Likewise, in the U.S. for the past 40 years, the culture warriors have positioned the "pro-life" witness as a tripwire separating the church from most policy efforts designed to assist those with withered hands. Purporting to defend "life" from conception to "natural death," the culture warriors focus on a narrow array of actions — almost exclusively legislative efforts — aimed at prohibiting a select set of issues.
Multiple forces are responsible for this narrowing of Catholic social witness in the public square, but two stand out. The first is the influence that "Catho-capitalists," in Lysaught's term, have come to exert over the Catholic narrative. Their influence has been amply documented in these pages.
They have used their considerable resources — and considerable ability to raise even more — to promote a version of Catholicism that wraps itself as a thin veneer around an economic libertarianism that more often than not is in stark contradiction to the church's social justice teachings.
The second force responsible for the current Catholic predicament is the U.S. hierarchy, which, in concert with the culture warriors and their narrow take on social justice, has walked the institutional church into a single-issue political corner from which there is no easy escape. The strategy provides politicians cheap admission to official Catholic favor. It also guarantees, given the expectation that Roe v. Wade will be overturned, that the coffers of the lobbyists on either side of the issue will continue to bulge as they battle into the future on at the state level.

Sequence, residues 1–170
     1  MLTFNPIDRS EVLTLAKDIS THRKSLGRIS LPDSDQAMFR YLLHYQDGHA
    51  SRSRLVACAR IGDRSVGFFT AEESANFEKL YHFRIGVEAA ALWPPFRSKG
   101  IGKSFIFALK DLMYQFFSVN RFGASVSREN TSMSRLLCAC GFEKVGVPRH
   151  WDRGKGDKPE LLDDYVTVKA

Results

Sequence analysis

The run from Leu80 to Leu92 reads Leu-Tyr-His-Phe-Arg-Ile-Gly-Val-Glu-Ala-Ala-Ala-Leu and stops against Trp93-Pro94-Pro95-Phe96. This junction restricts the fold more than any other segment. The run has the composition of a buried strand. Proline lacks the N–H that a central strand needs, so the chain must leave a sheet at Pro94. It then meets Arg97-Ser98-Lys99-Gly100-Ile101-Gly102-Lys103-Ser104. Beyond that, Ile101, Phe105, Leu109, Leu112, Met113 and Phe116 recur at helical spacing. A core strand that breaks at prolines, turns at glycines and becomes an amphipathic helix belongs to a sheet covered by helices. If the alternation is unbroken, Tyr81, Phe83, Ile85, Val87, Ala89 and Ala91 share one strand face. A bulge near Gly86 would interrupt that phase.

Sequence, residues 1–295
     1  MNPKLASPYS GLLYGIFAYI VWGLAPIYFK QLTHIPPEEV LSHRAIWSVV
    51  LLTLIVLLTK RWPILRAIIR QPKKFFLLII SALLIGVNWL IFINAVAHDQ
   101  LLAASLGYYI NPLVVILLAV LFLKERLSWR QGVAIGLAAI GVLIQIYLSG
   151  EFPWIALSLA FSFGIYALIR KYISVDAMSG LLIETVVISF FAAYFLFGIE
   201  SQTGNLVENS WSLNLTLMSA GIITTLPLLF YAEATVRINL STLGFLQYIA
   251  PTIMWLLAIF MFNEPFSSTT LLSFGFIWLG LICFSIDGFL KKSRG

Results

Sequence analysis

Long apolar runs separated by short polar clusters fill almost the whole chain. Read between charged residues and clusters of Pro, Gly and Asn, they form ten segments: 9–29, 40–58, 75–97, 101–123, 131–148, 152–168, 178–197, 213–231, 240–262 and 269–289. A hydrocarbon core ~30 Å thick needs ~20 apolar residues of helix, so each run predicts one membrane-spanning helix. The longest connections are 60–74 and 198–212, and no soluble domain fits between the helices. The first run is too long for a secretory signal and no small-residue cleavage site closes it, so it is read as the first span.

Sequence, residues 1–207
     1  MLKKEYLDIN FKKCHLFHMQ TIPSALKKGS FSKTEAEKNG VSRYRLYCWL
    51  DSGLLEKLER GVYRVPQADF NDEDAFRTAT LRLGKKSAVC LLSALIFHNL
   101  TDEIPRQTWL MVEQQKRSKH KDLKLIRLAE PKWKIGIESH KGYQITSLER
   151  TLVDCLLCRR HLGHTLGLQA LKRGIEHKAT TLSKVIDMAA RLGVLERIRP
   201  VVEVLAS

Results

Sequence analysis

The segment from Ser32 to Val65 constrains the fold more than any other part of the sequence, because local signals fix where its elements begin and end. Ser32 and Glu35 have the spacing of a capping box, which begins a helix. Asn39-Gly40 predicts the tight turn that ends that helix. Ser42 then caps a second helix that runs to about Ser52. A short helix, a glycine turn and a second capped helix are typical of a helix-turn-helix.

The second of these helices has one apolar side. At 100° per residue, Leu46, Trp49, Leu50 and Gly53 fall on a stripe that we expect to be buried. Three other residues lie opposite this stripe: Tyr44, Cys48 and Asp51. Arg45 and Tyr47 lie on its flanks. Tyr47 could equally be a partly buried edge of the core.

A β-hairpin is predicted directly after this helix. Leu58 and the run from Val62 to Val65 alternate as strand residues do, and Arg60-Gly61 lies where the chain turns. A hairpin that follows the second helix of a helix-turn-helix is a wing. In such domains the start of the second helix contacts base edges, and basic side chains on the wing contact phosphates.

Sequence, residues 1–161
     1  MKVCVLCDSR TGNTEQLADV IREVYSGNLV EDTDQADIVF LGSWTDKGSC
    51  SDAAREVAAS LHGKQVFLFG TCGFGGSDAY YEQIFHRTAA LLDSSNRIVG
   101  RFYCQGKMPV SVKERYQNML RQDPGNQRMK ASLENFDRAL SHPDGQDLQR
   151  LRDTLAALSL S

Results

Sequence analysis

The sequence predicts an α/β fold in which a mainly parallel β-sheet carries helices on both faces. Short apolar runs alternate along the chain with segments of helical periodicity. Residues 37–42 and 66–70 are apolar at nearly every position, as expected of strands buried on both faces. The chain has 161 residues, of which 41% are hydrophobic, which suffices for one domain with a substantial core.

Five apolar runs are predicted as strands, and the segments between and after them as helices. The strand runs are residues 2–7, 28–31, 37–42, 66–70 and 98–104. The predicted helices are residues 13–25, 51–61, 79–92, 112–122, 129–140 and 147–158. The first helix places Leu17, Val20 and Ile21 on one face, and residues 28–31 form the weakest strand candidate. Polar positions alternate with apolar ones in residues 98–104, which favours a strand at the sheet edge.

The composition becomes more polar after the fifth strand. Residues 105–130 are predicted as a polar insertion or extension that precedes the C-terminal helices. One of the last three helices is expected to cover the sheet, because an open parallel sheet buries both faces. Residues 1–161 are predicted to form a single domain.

Political parties aren't religious congregations. No party should be granted religious endorsement. Doing so, we've seen, allows Republicans to simply ignore major portions of Catholic social teaching. Democrats, in turn, have little reason to even consider the more moderate opinions on abortion that the largest segment of Americans have held over decades.
This cleaving of issues to suit political ends is antithetical to church teaching which, if it is going to be proclaimed as proof of worthiness in the public square, has to include the whole range. In his 2018 apostolic exhortation Gaudete et Exsultate, Pope Francis makes an unambiguous and passionate plea for defense of "innocent unborn."
Crosses against a backdrop of fall colors are seen near Jesus the Divine Word Church Oct. 29, 2014, in Huntingtown, Maryland. The crosses represent aborted babies. (CNS/Bob Roller)
In the same paragraph, however, he writes: "Equally sacred, however, are the lives of the poor, those already born, the destitute, the abandoned and the underprivileged, the vulnerable infirm and elderly exposed to covert euthanasia, the victims of human trafficking, new forms of slavery, and every form of rejection."
Term-limited Gov. Hogan was able to check off the pro-life box, a valuable item to display for evangelicals and Catholics in the primaries should he pursue higher office.
The Democrats easily overturned his vetoes. "Beginning in 2025," according to the Post report, "Maryland workers will be able to take up to 12 weeks of paid leave to care for a sick family member, a newborn or a new adopted child, among other instances." Maryland firearms dealers will also have to comply with new safety regulations, and public defenders will be allowed to form a union.
Who gets to wear the "I'm Pro-life" button?
The war continues.